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Psychotic Disorder

Medically reviewed by Last updated on Apr 2, 2024.

What is a psychotic disorder?

A psychotic disorder is a medical condition that causes hallucinations and delusions. Schizophrenia and schizoaffective disorder are examples of psychotic disorders.

What are the signs and symptoms of a psychotic disorder?

You may have hallucinations and delusions. Hallucinations are seeing, hearing, tasting, or feeling things that are not real. Delusions are beliefs that something is real, true, or right when it is not. These false beliefs do not go away even if there is proof that they are not true. You may believe someone is spying on you, chasing after you, or controlling your mind. You may also believe there is something wrong with how your body works. You may also have any of the following:

What causes or increases my risk for a psychotic disorder?

The cause of a psychotic disorder may not be known. A psychotic disorder may happen with other mental illnesses, such as borderline personality disorder or bipolar disorder. Your risk for a psychotic disorder may be higher with any of the following:

How is a psychotic disorder diagnosed?

Your healthcare provider will ask about your symptoms and how long you have had them. He or she will ask if you have any family members with a mental illness. Tell your healthcare provider about any stressful events in your life. He or she may ask about any other health conditions or medicines you take. You may need blood tests to get information about your overall health. CT or MRI pictures may show problems in your brain that can cause a psychotic disorder.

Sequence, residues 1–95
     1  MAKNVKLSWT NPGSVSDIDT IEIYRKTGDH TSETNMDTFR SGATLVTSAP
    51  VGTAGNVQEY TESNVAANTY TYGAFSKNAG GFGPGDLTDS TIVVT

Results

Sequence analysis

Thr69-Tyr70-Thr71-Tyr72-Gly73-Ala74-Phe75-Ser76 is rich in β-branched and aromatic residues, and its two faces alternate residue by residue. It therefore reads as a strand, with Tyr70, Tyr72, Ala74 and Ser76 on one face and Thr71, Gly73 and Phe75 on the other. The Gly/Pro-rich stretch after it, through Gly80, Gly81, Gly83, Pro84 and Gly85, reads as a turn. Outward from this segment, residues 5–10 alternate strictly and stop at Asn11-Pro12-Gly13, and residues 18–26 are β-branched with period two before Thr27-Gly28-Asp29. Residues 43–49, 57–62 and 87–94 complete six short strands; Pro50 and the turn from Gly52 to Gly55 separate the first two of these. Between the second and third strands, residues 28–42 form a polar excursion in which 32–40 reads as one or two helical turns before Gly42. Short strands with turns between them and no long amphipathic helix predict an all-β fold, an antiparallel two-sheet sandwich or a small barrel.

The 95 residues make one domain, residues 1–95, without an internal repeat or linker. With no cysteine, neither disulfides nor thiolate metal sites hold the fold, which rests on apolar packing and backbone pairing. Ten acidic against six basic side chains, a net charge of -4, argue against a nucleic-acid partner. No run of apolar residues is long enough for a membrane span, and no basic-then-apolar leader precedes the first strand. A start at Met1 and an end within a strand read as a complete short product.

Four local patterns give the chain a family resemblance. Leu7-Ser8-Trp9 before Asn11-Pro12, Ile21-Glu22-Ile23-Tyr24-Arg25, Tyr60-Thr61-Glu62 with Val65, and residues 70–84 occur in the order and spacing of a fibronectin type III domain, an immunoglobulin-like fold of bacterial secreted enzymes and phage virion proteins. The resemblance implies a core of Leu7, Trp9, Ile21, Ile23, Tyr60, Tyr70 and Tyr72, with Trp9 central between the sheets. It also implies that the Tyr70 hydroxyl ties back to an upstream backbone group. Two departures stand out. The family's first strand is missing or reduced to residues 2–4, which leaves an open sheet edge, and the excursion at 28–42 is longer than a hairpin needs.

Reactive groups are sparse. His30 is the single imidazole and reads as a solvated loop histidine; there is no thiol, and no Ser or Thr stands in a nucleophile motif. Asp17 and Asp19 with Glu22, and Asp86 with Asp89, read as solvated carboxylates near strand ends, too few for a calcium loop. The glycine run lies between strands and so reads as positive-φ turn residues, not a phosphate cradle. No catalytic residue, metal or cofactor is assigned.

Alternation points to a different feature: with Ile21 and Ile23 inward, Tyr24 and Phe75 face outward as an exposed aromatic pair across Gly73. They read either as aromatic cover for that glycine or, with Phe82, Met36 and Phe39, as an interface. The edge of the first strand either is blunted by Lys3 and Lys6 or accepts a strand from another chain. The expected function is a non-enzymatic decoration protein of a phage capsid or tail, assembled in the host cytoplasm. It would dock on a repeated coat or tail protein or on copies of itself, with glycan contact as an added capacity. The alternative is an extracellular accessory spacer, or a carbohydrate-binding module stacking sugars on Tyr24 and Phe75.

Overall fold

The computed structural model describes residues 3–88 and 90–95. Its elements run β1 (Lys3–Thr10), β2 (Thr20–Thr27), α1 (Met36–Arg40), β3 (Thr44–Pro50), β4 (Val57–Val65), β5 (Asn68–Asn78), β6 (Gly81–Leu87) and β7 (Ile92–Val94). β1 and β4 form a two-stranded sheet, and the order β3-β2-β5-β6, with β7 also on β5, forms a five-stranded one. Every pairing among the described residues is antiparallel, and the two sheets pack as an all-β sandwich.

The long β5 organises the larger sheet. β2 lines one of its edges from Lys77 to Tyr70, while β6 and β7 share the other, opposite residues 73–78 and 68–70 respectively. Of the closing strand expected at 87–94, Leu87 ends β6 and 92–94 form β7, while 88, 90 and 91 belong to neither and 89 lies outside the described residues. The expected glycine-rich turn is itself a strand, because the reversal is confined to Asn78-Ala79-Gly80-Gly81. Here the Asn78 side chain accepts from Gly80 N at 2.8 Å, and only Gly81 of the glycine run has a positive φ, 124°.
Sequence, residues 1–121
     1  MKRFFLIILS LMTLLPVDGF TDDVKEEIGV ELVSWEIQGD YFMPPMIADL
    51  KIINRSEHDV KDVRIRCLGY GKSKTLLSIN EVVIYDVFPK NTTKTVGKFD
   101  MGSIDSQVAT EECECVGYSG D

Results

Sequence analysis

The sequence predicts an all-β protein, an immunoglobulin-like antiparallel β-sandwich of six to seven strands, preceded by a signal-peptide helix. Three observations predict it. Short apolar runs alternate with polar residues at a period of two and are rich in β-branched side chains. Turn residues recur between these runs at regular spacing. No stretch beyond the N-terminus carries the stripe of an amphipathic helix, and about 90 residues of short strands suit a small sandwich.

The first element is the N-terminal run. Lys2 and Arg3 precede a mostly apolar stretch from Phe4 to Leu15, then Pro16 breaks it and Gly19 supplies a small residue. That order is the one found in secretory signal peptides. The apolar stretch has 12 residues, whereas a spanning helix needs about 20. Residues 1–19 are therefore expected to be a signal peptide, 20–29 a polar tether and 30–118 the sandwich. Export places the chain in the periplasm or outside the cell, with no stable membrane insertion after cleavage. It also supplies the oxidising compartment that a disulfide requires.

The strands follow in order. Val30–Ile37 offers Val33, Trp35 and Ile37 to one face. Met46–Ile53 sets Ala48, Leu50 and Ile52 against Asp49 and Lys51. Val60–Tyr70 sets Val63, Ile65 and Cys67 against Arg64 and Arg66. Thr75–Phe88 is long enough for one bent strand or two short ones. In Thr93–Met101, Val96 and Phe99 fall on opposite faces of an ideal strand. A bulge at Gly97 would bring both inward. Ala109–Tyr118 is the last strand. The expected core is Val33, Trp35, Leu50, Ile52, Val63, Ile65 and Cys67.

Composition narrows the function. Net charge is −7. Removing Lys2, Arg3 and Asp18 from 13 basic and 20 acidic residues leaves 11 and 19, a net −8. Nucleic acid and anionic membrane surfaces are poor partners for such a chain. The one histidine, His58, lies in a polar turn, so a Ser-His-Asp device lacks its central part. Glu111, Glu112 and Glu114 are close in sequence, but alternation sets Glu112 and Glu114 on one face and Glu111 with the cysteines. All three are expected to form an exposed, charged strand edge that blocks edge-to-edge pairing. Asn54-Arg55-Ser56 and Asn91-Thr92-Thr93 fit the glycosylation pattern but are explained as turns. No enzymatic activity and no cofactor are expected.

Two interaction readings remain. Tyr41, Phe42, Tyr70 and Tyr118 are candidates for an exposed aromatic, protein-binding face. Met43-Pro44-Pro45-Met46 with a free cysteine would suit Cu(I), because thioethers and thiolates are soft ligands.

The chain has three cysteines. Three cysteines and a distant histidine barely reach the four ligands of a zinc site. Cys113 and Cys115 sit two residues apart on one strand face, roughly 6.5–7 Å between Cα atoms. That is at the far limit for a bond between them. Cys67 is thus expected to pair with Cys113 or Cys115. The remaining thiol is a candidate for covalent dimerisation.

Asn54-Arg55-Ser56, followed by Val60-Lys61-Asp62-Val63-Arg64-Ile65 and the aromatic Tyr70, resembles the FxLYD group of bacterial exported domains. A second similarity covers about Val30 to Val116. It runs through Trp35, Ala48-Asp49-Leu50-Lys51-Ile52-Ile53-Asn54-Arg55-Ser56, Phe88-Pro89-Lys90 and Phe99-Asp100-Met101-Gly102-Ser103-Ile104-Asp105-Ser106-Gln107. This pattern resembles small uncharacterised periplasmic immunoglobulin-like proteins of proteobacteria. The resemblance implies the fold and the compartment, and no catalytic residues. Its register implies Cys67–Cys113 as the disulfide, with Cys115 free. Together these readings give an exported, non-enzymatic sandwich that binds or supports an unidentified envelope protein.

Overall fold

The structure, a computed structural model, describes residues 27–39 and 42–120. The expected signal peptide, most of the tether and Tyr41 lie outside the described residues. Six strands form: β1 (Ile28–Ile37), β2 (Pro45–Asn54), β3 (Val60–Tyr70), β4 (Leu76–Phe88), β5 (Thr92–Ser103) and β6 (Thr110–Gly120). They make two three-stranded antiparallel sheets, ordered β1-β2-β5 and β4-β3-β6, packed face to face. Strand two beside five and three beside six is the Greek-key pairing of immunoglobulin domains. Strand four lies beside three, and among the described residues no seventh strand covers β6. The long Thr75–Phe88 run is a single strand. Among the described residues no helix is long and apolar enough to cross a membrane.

How is a psychotic disorder treated?

A psychotic disorder can be treated. Treatment can help decrease your symptoms and make you feel better. You may need any of the following:

What can I do to manage my symptoms?

Call 911 if:

When should I contact my healthcare provider?

Care Agreement

You have the right to help plan your care. Learn about your health condition and how it may be treated. Discuss treatment options with your healthcare providers to decide what care you want to receive. You always have the right to refuse treatment. The above information is an educational aid only. It is not intended as medical advice for individual conditions or treatments. Talk to your doctor, nurse or pharmacist before following any medical regimen to see if it is safe and effective for you.

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Further information

Always consult your healthcare provider to ensure the information displayed on this page applies to your personal circumstances.